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Mutation of an Arginine Biosynthesis Gene Causes Reduced Pathogenicity in Fusarium oxysporum f. sp. melonis

April 2001 , Volume 14 , Number  4
Pages  580 - 584

Fumio Namiki , 1 Michiko Matsunaga , 2 Mitsuru Okuda , 2 Iori Inoue , 2 Kazufumi Nishi , 1 Yoshikatsu Fujita , 1 and Takashi Tsuge 2

1Kyusyu National Agricultural Experiment Station, Nishigoshi-Machi, Kikuchi-Gun 861-1192, Japan; 2Graduate School of Bioagricultural Sciences, Nagoya University, Chikusa, Nagoya 464-8601, Japan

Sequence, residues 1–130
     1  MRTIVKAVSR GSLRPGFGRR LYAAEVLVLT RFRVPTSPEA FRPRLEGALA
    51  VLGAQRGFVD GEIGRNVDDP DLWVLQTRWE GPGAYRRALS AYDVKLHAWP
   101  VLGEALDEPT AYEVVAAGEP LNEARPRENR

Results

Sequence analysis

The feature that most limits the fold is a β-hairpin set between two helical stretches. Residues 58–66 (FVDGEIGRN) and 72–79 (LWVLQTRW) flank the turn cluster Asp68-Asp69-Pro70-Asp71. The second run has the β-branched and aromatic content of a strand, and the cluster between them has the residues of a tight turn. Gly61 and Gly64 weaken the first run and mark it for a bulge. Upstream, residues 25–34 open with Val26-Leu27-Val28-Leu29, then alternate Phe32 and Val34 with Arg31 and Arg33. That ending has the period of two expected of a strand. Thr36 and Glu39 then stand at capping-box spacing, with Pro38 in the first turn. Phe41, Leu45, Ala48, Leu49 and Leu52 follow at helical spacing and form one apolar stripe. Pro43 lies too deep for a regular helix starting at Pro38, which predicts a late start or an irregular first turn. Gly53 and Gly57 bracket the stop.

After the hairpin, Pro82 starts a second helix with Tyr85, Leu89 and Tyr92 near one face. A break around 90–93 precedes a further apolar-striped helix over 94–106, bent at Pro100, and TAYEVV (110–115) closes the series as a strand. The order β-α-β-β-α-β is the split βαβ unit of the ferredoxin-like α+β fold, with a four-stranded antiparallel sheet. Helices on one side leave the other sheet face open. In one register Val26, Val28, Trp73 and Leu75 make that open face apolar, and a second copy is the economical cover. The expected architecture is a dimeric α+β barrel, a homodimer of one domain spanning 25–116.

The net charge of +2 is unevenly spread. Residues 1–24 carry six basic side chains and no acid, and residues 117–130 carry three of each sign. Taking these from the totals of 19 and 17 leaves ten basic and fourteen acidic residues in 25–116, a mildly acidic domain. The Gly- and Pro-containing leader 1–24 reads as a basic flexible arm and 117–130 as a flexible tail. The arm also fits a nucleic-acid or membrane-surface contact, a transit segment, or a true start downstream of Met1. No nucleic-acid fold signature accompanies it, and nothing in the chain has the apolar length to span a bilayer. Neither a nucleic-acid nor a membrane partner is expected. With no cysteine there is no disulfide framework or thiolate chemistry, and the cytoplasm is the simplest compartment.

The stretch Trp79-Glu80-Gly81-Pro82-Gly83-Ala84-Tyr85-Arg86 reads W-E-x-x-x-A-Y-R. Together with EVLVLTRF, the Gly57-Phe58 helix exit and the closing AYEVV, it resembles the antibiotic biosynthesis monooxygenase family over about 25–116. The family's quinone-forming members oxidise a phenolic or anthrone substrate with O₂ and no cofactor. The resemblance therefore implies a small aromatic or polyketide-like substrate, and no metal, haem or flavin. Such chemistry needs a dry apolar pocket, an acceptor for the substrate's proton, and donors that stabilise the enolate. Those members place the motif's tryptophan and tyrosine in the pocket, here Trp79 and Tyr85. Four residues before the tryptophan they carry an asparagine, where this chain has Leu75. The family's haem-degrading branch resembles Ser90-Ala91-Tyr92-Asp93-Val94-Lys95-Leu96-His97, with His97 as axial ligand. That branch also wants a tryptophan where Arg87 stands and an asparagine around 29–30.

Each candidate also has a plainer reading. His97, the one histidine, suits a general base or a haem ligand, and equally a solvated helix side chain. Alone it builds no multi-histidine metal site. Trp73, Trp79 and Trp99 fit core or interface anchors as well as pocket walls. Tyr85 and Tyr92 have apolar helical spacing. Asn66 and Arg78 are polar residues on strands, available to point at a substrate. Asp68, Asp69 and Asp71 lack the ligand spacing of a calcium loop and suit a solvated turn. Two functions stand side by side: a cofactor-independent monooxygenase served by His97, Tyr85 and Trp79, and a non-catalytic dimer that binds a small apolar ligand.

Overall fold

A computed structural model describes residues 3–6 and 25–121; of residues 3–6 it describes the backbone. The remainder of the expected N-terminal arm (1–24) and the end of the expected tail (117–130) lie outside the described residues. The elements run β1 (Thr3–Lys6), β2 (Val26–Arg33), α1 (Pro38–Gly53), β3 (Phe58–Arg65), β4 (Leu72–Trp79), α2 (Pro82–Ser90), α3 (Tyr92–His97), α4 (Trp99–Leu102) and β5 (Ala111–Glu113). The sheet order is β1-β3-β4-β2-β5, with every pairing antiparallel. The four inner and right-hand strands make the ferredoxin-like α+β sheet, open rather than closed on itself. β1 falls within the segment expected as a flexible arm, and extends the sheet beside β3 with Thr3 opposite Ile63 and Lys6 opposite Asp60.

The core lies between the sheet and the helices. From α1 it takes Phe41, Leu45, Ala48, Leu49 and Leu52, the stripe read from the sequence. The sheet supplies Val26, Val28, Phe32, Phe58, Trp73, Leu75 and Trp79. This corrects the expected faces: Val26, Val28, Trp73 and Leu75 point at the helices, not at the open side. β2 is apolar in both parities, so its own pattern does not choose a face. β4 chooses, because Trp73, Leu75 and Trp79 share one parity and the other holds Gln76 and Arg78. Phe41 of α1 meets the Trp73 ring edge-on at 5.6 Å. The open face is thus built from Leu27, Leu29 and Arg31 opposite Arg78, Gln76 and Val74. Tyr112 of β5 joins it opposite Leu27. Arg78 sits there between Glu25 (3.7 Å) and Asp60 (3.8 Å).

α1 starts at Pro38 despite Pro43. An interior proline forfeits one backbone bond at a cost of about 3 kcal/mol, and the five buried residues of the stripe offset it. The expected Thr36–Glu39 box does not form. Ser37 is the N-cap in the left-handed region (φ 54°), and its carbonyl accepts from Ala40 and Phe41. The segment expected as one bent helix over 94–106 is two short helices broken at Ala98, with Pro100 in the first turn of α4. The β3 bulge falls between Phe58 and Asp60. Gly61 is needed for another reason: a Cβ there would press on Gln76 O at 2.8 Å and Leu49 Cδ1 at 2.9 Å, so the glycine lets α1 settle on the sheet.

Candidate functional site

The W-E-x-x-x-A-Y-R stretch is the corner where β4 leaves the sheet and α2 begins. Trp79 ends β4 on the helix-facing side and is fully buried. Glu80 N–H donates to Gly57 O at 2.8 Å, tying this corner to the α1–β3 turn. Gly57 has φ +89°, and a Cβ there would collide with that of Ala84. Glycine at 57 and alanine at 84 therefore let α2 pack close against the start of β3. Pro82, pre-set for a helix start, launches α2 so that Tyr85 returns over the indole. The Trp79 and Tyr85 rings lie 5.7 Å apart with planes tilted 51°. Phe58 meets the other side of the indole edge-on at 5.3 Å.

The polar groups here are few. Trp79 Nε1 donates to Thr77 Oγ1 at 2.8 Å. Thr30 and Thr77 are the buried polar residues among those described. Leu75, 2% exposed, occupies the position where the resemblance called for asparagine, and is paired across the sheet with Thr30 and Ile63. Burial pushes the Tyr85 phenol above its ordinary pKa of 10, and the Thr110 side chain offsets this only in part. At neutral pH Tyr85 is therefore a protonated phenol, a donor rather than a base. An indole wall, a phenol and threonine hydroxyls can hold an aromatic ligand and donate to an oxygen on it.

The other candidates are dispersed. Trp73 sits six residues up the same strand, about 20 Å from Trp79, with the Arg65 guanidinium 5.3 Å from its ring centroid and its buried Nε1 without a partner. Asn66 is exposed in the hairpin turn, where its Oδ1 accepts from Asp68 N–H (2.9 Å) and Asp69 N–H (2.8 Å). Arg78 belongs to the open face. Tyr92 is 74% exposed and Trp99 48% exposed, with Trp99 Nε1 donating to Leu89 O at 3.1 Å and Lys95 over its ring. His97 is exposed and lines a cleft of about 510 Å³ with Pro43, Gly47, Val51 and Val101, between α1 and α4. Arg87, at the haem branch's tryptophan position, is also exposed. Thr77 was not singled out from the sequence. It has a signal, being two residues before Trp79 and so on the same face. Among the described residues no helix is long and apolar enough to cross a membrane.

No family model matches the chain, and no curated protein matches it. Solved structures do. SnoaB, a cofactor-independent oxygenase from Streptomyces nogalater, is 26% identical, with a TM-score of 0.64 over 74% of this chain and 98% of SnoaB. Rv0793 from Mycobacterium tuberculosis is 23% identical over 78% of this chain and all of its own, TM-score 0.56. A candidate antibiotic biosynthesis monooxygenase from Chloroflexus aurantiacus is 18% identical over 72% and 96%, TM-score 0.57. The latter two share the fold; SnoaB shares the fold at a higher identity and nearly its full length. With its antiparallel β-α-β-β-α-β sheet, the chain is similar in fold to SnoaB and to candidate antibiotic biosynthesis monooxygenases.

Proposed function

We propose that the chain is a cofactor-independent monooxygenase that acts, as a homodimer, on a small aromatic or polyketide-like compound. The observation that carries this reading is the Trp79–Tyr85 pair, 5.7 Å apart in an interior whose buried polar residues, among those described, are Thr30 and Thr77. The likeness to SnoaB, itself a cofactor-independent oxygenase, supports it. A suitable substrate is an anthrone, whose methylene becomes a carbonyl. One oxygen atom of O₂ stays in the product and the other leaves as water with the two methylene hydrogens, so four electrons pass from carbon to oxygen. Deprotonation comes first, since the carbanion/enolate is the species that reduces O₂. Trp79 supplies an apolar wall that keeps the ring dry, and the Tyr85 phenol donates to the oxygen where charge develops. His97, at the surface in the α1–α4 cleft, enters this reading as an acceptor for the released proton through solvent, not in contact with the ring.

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Accepted 5 January 2001.

Restriction enzyme-mediated integration (REMI) mutagenesis was used to tag genes required for pathogenicity of Fusarium oxysporum f. sp. melonis. Of the 1,129 REMI transformants tested, 13 showed reduced pathogenicity on susceptible melon cultivars. One of the mutants, FMMP95--1, was an arginine auxotroph. Structural analysis of the tagged site in FMMP95-1 identified a gene, designated ARG1, which possibly encodes argininosuccinate lyase, catalyzing the last step for arginine biosynthesis. Complementation of FMMP95--1 with the ARG1 gene caused a recovery in pathogenicity, indicating that arginine auxotrophic mutation causes reduced pathogenicity in this pathogen.

© 2001 The American Phytopathological Society